5129.0 Why hepatitis, why now? Addressing the IoM recommendations on viral hepatitis and liver cancer

Wednesday, November 10, 2010: 10:30 AM - 12:00 PM
In 2010, the Institute of Medicine (IOM) authored a historic report on Viral Hepatitis and Liver Cancer in the United States. The report concludes, “The current approach to the prevention and control of chronic hepatitis B and hepatitis C is not working.” The report cited lack of knowledge among healthcare providers and the general public as a contributing factor to the continued transmission, missed opportunities for early diagnosis and medical care, and poor health outcomes in infected people. The session will provide an environmental scan of the community and disproportionately impacted populations. It will then expand on the IOM recommendations and explore opportunities for implementation of viral hepatitis prevention, care, and services, into the existing public health infrastructure.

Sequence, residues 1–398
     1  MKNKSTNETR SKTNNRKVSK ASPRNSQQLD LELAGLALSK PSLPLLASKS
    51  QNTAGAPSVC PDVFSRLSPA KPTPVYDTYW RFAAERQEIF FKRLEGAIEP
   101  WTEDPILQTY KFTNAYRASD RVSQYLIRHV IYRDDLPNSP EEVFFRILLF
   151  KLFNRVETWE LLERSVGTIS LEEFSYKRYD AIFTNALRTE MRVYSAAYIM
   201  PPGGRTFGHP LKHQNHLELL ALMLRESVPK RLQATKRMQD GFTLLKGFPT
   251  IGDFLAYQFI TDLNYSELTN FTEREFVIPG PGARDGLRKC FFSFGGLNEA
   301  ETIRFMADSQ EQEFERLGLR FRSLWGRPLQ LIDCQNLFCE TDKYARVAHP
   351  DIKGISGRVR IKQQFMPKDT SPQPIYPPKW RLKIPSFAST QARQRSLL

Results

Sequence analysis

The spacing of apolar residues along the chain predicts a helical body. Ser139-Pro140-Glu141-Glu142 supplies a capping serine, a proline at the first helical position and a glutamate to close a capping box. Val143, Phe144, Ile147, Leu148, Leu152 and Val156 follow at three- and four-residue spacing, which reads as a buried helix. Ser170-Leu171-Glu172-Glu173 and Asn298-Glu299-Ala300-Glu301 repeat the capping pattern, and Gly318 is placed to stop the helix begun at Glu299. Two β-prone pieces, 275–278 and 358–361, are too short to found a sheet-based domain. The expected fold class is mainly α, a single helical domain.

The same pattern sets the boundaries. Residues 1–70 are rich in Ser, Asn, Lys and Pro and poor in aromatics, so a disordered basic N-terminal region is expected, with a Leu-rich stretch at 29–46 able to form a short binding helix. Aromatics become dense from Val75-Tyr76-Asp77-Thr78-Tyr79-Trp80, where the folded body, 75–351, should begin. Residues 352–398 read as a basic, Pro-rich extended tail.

Session Objectives: 1. Identify strategies to eliminate barriers to viral hepatitis prevention, care and services to reduce the impact of viral hepatitis on disproportionately affected populations. 2. Define why, where, and how, to incorporate viral hepatitis into the public health dialogue. 3. Evaluate methods for prioritization and implementation of the Institute of Medicine recommendations on viral hepatitis and liver cancer in their communities.

Disparities in viral hepatitis infections in the United States: Challenging social justice in public health
Andrew Muir, MD, MHS, Martha Saly, MSOD, Lorren D. Sandt and Corinna Dan, RN MPH
Finding common ground: Uniting the hepatitis B and hepatitis C advocacy movements
Martha Saly, MSOD, Lorren D. Sandt, Corinna Dan, RN MPH and Chris Taylor, BA

See individual abstracts for presenting author's disclosure statement and author's information.

Organized by: Public Health Education and Health Promotion
Endorsed by: Asian Pacific Islander Caucus for Public Health, Epidemiology, HIV/AIDS, Social Work

CE Credits: Medical (CME), Health Education (CHES), Nursing (CNE), Public Health (CPH)